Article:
Listen, if Facebook was able to determine relationships blossoming and waning using data, then you should see that data can tell you just about anything. You just have to know what and how you want to look at the data.
Let’s take Mr. Stephen Colbert’s current situation as our example to get things started. If you haven’t heard, he is enjoying the glory of Twitter and the wrath of the 140-character activist. In short: #CancelColbert became a trending hashtag. You can see how “the Twit Hit the Fan” in the video below.
So, after reminding the new guy to NEVER delete a tweet EVER again (it’s a Cardinal Twin), The Colbert Report staff would have wanted to see what the conversation is looking like out on Twitter. First step is determining what they would want to see.
We know about the hashtag, but we also know not everyone will use it. So first, we create a basic boolean query to enter in to the data collection tool: colbert AND (cancel OR quit) – and then we run it for a week-long timeframe to make sure we have a good base query to start with.
As you can see, this gives us a pretty decent result, and we could dive in a bit deeper to add some additional keywords specific to the content in question like “redskins” or “asian,” but for the sake of this example, we will keep it simple. (We will revisit tweaking queries later.)
Next, they would need to determine what data is important to them for this report. Not all reports are created equal.
This is where I preach about being brave when it comes to reporting. There is a standard report style that you start with, but based on what you are looking at AND what you want to know, that report will evolve, and you should encourage that evolution. Another thing to consider is who will be viewing the report. How do they like to see data? Will they understand what they are looking at? How do we make sure they are getting what they need from the report. Again, customization is key to a useful and actionable analytics report.
So, back to what Colbert and team might want to see. The popularity graph above is a good place to start. How much traction is this conversation getting? We can see the the majority of the volume was on the 28th, with a significant drop off the next day, but there has still been steady volume happening around this conversation. We may then want to divide up the data into two timeframes: day of and residual days. But again, for the sake of this example, we will keep it as one timeframe.
The next area of interest would likely be Reach.
As you can see, just about half of the tweets came from those who only tweeted once, the other half of the volume was from RTs. You can also see engagement was limited to about one tweet per tweeter.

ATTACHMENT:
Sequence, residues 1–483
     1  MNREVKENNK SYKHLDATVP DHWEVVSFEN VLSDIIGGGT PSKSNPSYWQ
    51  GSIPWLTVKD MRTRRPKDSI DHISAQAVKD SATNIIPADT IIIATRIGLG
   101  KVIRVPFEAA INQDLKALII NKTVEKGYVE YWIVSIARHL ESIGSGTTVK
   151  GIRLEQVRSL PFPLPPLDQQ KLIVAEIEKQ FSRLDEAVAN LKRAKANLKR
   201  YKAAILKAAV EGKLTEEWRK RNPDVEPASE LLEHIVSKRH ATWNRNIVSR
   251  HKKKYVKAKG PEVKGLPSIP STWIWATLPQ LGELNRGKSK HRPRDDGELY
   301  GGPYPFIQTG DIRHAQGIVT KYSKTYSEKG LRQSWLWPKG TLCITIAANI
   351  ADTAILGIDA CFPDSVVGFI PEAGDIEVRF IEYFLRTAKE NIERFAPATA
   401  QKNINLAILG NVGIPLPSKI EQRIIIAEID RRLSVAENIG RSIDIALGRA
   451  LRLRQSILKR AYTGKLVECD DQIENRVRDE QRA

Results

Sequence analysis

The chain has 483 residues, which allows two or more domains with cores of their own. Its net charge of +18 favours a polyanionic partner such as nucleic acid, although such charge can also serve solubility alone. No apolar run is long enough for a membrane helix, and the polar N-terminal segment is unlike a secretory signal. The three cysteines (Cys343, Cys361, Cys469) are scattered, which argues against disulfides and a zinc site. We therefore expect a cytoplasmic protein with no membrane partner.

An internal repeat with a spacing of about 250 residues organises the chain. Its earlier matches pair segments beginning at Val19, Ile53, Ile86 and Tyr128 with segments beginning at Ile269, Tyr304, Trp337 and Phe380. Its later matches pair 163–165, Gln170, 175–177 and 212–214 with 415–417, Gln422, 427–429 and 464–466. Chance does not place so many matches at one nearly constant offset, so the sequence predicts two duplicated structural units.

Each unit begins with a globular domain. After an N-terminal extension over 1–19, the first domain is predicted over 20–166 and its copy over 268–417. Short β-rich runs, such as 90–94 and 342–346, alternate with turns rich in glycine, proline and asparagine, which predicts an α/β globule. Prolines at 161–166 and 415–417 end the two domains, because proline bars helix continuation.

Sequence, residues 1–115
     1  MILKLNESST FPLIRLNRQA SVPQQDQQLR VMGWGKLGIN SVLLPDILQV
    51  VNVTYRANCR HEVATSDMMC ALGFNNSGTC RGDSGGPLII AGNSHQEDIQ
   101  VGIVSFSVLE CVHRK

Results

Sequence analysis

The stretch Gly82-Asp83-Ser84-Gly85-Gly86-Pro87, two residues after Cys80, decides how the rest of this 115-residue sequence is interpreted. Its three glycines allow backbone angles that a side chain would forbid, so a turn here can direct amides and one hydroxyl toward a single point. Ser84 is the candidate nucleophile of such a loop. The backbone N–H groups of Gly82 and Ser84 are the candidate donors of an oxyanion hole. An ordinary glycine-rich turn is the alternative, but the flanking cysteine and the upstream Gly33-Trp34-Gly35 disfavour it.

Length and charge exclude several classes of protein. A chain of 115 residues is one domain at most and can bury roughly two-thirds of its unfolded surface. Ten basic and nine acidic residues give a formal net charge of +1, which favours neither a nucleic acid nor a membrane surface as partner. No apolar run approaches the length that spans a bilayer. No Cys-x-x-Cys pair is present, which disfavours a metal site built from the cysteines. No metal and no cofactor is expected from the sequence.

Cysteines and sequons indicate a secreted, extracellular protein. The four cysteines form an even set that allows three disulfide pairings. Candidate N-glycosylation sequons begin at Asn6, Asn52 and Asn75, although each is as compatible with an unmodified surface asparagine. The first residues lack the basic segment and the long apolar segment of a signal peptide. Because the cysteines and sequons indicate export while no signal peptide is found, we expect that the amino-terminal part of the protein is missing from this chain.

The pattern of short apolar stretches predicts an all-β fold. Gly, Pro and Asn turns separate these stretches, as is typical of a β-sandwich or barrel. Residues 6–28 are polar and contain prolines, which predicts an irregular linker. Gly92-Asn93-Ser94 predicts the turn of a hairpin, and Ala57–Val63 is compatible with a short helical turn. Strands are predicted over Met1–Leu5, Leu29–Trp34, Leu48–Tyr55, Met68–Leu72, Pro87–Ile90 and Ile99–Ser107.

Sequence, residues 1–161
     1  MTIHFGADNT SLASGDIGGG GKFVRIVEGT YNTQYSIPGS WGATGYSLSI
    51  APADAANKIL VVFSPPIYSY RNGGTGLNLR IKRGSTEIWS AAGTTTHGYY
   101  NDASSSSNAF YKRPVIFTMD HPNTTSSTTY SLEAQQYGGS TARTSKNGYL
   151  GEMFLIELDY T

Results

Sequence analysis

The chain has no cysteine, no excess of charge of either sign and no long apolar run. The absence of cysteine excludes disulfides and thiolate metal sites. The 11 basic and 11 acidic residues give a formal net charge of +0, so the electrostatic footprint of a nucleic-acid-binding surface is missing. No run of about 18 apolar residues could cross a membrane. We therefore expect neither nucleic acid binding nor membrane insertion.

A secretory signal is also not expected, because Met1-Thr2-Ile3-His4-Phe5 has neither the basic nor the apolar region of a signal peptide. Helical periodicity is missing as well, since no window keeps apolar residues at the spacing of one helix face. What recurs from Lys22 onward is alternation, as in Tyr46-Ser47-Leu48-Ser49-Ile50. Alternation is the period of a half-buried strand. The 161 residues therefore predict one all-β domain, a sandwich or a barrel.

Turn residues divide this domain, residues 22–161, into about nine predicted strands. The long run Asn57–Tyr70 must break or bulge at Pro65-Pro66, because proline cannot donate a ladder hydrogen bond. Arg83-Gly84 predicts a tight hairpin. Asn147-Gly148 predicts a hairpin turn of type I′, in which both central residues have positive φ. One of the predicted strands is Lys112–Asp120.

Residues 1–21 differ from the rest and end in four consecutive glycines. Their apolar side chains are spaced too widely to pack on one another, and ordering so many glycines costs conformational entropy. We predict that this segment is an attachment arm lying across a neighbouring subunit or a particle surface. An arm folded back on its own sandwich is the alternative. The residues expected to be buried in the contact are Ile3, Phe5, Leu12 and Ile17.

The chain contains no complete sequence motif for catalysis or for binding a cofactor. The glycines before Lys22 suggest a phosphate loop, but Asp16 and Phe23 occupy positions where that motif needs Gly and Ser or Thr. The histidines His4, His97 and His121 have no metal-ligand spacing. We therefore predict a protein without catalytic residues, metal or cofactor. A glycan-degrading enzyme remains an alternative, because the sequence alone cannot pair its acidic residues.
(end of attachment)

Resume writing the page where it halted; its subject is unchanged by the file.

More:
Other useful pieces to look at would be text analytics and sentiment.
Here you can see some other hashtags that popped up during the conversation, which may add some insight for response (or for them, material for the show).
In the word cloud, you see some obvious words (bigger and bolder = more volume) and then some interesting ones like racist and outrage, which would be words you might want to dive into deeper.
Next is sentiment. Here, we see that a large amount of negative sentiment is coming from people siding with Colbert and not the #CancelColbert movement. We also see a high level of neutral sentiment. More on this in the wrap up.
Lastly, we would include some demographics info, because we know that the Colbert staff would find this info potentially useful.
For the Colbert team, this would be a great start to a comprehensive report on the conversation. Next, we would want to give a recap analysis of the data so next steps can be decided.
The (Quick-and-Dirty) Analysis
The majority of the conversation happened on the 28th, and then dropped significantly. Volume has remained steady at ~500 mentions/ day. Approximately half of the volume were single tweets and the other half were RTs. A surprisingly small amount of tweets actually used the hashtag #CancelColbert that trended during the heavy volume time period. Sentiment analysis confirms this in that most tweets were in support of Colbert. Negative sentiment included the cancel conversation, but also supporters of the show showing distaste for the people who were getting offended. There was a heavy neutral sentiment set which we would lean towards positive, but designate as primarily info sharing, which is just people sharing the story vs adding commentary. We can see some other topics that we may want to dive into with an updated query like “keep colbert,” “don’t cancel,” racist and outrage to see what the specific conversation and conversation volume is around these key words/phrases. The demographic info available shows a heavy concentration in “liberal” states.
This report helps the team start off with some data guide next steps. Do they respond? Do they work this data into actionable items? If so, how? Do we want to dive in deeper? Is there something else we want to see? These are all valid questions that one should be asking when viewing an analytics report. Colbert and team may look at this and say, “We basically already knew this, but the data can now back up what we were thinking,” and that is perfectly OK. That might be all you are looking for, confirmation or an argument against current assumptions. Back and forth is important in getting to the right data. True data analysis takes time and careful consideration. Be sure to clarify what you need to know if speed is a factor. Do you only need a quick volume report? Can we do the deep dive as a second step?
If you need help analyzing your social conversation data, Raidious can help.